Researchers at Teesside University are joining forces with a leading supermarket chain on a £1 million project to find ways to cut the amount of fat used in fried food.
As well as improving efficiency and reducing carbon output, the three-year project with Sainsbury's could also result in healthier crisps and snacks.
The University will work with Sainsbury's and members of its supply chain to explore different ways to improve efficiency and reduce the take up of oil in fried food.
The project is part-funded by the Technology Strategy Board, a public body set up to accelerate economic growth by stimulating and supporting business-led innovation. Teesside University will provide expertise in food science, chemistry and sustainable technology to optimise the management of oil in the production process.
The five main aims of the project are to:
The first year of the project will predominantly take place at Teesside University and will involve a wide range of research and experimentation. In the second year, ideas that have been developed in the laboratories will be upscaled and tested in the factories of Sainsbury's industrial partners.
In the final year of the project, the results will be analysed and published and any process or innovations which have been developed will be patented. At all stages of the process, taste panels will be used to assess the impact upon the consumer.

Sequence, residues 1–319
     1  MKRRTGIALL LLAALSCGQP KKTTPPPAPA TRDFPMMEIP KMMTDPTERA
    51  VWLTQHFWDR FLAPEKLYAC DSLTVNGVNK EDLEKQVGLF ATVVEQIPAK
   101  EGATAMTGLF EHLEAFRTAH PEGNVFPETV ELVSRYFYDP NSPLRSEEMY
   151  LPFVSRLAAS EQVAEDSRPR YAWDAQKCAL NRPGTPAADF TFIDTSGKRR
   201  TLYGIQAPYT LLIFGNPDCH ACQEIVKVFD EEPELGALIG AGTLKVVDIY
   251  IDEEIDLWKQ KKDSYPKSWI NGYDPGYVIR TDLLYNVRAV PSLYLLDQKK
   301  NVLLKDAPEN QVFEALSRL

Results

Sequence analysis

Teesside University was chosen to collaborate with Sainsbury's because of its proven experience working on similar projects. Previous work the University has undertaken in this field include spearheading the Resource Efficiency Pathways to Sustainable Growth (REPS) project - a £2 million scheme to help 156 North-East companies improve efficiency and sustainability, make cost savings and reduce carbon production.
Teesside University also worked with Camerons Brewery to improve its energy efficiency, bringing a graduate into the company, with academic supervision, to deliver the project.
The Teesside University research project will be led by Sustainable Technologies Project Manager Garry Evans along with Dr Jibin He, Dr Gillian Taylor, Dr Liam O'Hare and Shirley O'Hare.
'We’ll be looking at many different options at how to achieve these aims. It could be that we devise a new piece of machinery or a new process on the production line or a different way of preparing the food or a combination of different things. As well as increased efficiency and productivity, there is also going to be a health impact as there will be less oil used in the manufacture of the foods. I’m very confident that at the end of the three years we will have developed innovative ways to achieve our aims.'
'This is a great project and it’s fantastic to be working on it with a company like Sainsbury’s. There is a lot of competition for these projects. Out of more than 1,600 applications there were only about 30 successful bids. From a University perspective it proves that we have the capacity and capability for delivering successful results. The market for what we’re working on is in excess of £2b so even a small reduction in the cost of the process could have massive impact. The work that we do could also have implications for many other industries as well.'